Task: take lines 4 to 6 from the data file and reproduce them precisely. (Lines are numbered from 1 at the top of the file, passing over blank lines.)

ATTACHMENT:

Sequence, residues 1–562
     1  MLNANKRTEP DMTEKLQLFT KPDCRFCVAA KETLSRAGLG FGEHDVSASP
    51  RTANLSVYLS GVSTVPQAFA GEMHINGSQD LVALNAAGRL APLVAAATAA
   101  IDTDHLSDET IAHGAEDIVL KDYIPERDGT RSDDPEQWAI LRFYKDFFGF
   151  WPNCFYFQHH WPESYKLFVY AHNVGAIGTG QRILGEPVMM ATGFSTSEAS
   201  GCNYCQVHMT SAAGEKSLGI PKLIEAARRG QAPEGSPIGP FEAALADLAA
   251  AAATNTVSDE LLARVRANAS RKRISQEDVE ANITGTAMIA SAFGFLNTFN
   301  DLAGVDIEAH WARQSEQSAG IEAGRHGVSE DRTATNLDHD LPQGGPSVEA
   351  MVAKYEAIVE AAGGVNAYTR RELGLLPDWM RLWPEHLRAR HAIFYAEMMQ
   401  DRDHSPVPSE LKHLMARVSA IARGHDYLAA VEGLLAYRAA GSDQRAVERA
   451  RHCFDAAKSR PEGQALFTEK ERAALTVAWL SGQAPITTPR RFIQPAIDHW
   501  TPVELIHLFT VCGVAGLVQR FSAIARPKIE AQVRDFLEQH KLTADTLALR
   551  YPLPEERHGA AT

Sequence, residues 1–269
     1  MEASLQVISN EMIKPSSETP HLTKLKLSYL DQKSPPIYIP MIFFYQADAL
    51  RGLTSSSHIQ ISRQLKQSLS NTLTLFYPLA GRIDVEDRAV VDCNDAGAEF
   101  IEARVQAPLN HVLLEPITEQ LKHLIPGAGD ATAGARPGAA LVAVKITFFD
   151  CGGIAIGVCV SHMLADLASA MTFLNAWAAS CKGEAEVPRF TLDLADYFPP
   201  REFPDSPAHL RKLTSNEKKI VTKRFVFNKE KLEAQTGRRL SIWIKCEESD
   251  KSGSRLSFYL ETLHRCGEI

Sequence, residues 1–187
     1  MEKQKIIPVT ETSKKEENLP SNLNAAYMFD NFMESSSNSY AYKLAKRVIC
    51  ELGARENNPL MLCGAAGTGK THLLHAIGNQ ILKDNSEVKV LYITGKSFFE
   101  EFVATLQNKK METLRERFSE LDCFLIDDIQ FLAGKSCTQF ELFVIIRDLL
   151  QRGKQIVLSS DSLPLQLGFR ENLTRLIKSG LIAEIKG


   101  IDTDHLSDET IAHGAEDIVL KDYIPERDGT RSDDPEQWAI LRFYKDFFGF
   151  WPNCFYFQHH WPESYKLFVY AHNVGAIGTG QRILGEPVMM ATGFSTSEAS
   201  GCNYCQVHMT SAAGEKSLGI PKLIEAARRG QAPEGSPIGP FEAALADLAA